Montana Supreme Court Rules That Statute of Repose Is an Absolute Bar to Claims and Cannot be Tolled for Any Reason, Including Concealment

Hill County High School District No. A v. Dick Anderson Construction, Inc., 2017 Mont. LEXIS 38 (Mt. Feb 7, 2017)

This action arose out of the design and construction of a new roof for a high school in Hill County, Montana. The roof was built by Dick Anderson Construction, Inc. (“Contractor”) and designed by Springer Group Architects, P.C. (“Architect”). While the parties disputed whether the roof was ever completed to the School District’s satisfaction, the school was in full use by April 1998 and final payment was issued around that same time.

Problems emerged with the roof almost immediately. The Contractor and Architect worked with the School District to address the problems through October 2003 when the Architect informed the School District that repairs were finished and that no further work was necessary. But the roof partially collapsed in 2010 and the School District filed suit the following year. Continue reading “Montana Supreme Court Rules That Statute of Repose Is an Absolute Bar to Claims and Cannot be Tolled for Any Reason, Including Concealment”

Rhode Island Supreme Court Rules That Despite Deference Afforded Arbitrator, the Award Must Be Vacated Where Arbitrator’s Decision Was Contrary to Contract Language

Nappa Constr. Mgmt., LLC v. Flynn, 2017 R.I. LEXIS 13 (R.I. Jan. 23, 2017)

Caroline and Vincent Flynn (the “Flynns”) contracted with Nappa Construction Management, LLC (“Nappa”) to construct an automobile repair facility. The parties executed the American Institute of Architects’ A101-2007 Standard Form of Agreement Between Owner and Contractor.  The contract provided that the owner could terminate the contract for cause; could order the contractor to suspend the work without cause “for such period of time as the Owner may determine”; and could terminate the contract for convenience.

Six months after Nappa commenced work, the Flynns directed Nappa to “immediately cease any further work on the project,” contending that Nappa was not constructing the flooring according to the project plans or industry standards. Thereafter, Nappa submitted a payment application that included expenses for the disputed flooring, which the Flynns declined to pay.  Nappa notified the Flynns that they were in breach of the contract and filed for mediation.  Nappa ultimately terminated the contract for nonpayment.  Continue reading “Rhode Island Supreme Court Rules That Despite Deference Afforded Arbitrator, the Award Must Be Vacated Where Arbitrator’s Decision Was Contrary to Contract Language”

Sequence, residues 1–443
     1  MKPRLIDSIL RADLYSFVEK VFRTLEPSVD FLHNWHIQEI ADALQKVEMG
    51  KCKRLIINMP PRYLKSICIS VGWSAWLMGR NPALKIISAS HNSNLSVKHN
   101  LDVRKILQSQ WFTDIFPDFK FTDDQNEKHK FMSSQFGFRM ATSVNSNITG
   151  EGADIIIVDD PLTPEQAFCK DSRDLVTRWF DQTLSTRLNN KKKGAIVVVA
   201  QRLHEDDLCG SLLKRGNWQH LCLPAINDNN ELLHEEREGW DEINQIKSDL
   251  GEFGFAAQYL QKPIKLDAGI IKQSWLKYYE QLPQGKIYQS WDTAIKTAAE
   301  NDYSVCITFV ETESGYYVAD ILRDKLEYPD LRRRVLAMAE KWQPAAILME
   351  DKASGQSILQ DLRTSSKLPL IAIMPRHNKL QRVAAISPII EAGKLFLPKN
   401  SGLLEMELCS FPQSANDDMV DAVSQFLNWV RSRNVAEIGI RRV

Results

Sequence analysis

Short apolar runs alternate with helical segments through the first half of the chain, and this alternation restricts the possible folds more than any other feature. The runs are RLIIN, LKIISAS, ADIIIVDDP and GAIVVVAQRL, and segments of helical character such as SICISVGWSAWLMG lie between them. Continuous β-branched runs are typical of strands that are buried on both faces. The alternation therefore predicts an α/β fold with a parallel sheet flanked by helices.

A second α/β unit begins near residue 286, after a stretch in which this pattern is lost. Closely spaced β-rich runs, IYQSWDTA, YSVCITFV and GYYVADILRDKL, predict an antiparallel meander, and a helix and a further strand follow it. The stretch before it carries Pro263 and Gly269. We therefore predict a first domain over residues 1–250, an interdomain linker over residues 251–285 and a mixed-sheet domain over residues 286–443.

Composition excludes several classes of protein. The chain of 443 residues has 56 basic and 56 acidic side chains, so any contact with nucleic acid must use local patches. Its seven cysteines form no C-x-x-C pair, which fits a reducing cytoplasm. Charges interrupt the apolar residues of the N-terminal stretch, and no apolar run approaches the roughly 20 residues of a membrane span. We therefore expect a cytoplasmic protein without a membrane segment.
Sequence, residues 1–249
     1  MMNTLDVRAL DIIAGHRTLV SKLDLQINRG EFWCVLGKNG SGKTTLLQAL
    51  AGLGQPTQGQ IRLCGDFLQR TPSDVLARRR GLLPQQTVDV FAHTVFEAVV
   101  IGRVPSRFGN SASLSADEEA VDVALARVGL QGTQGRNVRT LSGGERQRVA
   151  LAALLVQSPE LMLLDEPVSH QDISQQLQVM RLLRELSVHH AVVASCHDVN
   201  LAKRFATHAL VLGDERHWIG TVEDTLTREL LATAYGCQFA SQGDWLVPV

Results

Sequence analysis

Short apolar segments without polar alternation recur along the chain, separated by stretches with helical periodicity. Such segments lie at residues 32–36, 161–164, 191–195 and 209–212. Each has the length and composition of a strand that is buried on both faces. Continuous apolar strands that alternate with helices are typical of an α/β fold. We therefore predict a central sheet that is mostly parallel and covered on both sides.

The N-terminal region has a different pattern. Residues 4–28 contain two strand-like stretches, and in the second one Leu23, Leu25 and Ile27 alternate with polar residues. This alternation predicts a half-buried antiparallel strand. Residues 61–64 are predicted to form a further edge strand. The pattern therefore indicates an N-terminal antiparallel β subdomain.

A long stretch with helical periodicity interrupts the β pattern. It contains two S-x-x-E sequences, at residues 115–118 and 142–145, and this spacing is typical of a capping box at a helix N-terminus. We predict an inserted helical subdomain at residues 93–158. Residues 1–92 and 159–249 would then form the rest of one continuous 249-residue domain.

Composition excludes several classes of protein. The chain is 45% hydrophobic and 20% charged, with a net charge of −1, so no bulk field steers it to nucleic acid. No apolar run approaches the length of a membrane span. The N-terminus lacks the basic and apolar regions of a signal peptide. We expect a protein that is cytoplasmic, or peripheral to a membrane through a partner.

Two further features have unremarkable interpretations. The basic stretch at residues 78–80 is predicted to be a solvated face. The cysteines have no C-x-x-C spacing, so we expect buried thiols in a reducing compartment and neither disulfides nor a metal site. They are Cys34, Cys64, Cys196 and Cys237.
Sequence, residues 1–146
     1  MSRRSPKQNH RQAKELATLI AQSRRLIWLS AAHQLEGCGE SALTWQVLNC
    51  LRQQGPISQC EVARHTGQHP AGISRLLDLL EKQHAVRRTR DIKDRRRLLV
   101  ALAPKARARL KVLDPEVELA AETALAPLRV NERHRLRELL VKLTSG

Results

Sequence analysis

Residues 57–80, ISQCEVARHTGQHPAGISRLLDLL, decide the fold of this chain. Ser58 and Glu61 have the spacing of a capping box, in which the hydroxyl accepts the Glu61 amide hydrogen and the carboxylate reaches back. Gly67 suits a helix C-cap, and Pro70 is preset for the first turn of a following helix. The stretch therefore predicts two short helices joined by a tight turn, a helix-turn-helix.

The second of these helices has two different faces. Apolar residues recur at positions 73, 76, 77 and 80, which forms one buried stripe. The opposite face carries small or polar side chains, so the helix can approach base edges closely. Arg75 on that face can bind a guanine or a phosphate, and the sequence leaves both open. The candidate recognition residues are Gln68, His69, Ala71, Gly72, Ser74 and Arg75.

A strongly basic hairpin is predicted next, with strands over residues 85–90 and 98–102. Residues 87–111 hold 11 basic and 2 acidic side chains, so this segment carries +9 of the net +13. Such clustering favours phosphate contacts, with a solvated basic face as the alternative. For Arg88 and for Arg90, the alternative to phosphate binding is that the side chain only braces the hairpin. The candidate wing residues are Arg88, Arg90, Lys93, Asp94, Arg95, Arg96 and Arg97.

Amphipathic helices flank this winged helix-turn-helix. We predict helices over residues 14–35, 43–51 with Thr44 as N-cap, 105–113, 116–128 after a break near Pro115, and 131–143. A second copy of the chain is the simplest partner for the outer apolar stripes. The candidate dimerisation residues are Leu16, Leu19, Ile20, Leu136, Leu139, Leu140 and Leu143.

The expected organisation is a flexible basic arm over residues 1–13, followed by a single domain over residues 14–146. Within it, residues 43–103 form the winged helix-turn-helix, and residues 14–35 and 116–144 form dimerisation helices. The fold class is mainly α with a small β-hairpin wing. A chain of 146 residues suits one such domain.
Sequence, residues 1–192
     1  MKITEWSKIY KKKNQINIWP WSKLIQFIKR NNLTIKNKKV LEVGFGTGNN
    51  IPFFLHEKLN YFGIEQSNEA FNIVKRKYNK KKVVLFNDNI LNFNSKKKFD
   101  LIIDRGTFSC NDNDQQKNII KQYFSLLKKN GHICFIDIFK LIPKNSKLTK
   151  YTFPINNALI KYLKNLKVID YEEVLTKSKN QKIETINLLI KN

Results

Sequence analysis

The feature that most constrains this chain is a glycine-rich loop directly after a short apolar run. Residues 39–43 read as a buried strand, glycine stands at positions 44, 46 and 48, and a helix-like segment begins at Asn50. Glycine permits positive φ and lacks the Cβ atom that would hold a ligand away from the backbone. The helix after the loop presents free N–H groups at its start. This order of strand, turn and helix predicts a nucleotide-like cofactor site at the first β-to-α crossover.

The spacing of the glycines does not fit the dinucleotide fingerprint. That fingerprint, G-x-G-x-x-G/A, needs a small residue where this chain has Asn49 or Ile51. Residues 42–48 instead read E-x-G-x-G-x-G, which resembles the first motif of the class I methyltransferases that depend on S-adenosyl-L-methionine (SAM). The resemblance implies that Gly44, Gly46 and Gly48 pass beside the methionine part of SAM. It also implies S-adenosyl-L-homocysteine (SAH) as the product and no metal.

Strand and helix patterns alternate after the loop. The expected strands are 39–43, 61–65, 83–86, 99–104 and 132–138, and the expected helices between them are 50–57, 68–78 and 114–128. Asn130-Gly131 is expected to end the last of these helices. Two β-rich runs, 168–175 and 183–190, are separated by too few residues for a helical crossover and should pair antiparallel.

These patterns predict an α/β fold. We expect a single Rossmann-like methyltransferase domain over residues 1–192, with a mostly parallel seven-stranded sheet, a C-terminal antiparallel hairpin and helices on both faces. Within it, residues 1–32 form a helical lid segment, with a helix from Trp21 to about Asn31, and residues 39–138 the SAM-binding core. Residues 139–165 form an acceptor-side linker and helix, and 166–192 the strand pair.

Federal Court in California Rules That the Federal Arbitration Act Preempts California Statute That Requires Arbitrations Relating to California Construction Projects Take Place in California

Bell Prods. v. Hosp. Bldg. & Equip. Co., 2017 U.S. Dist. LEXIS 9183 (ND of Cal. Jan. 23, 2017)

A Contractor, Hospital Building and Equipment Company (“HBE”) entered into a subcontract with a mechanical subcontractor, Bell Products, Inc. (“Bell”), on a design-build project for a California hospital.  Bell sued HBE, asserting that HBE’s plans and specifications were deficient and failed to meet requirements of the applicable regulatory agencies, resulting in 15 months of delay to the project.  Bell initially sued HBE in State Court.  However, the case was removed to federal court, and the federal court stayed the proceedings pending conclusion of arbitration.

The subcontract provided that:  all claims between HBE and Bell shall be decided by arbitration; the arbitration shall be per the Construction Industry Rules of the American Arbitration Association; the arbitration provisions shall be governed by the Federal Arbitration Act (“FAA”) and “unless [HBE] requests the locale to be the place of the Project, the arbitration locale shall be St. Louis, Missouri.  Bell sought relief from the venue provision, based upon a California Statute, C.C.P. § 410.42(a)(1), which provides:

(a) The following provisions of a contract between the contractor and a subcontractor with principal offices in this state, for the construction of a public or private work of improvement in this state, shall be void and unenforceable:
(1) A provision which purports to require any dispute between the parties to be litigated, arbitrated, or otherwise determined outside this state.
Continue reading “Federal Court in California Rules That the Federal Arbitration Act Preempts California Statute That Requires Arbitrations Relating to California Construction Projects Take Place in California”